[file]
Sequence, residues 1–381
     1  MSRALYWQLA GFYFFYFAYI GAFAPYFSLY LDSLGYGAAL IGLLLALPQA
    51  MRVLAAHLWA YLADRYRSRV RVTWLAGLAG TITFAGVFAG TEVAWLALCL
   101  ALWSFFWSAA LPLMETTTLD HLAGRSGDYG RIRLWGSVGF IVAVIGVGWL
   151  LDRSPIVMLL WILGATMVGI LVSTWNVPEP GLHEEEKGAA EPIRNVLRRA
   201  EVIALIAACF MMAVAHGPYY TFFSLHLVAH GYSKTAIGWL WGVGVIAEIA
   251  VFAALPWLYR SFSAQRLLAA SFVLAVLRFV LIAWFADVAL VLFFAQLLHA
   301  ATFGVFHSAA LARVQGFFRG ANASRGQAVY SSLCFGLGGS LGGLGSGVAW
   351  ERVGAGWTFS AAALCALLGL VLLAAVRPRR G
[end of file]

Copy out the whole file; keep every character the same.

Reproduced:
Sequence, residues 1–381
     1  MSRALYWQLA GFYFFYFAYI GAFAPYFSLY LDSLGYGAAL IGLLLALPQA
    51  MRVLAAHLWA YLADRYRSRV RVTWLAGLAG TITFAGVFAG TEVAWLALCL
   101  ALWSFFWSAA LPLMETTTLD HLAGRSGDYG RIRLWGSVGF IVAVIGVGWL
   151  LDRSPIVMLL WILGATMVGI LVSTWNVPEP GLHEEEKGAA EPIRNVLRRA
   201  EVIALIAACF MMAVAHGPYY TFFSLHLVAH GYSKTAIGWL WGVGVIAEIA
   251  VFAALPWLYR SFSAQRLLAA SFVLAVLRFV LIAWFADVAL VLFFAQLLHA
   301  ATFGVFHSAA LARVQGFFRG ANASRGQAVY SSLCFGLGGS LGGLGSGVAW
   351  ERVGAGWTFS AAALCALLGL VLLAAVRPRR G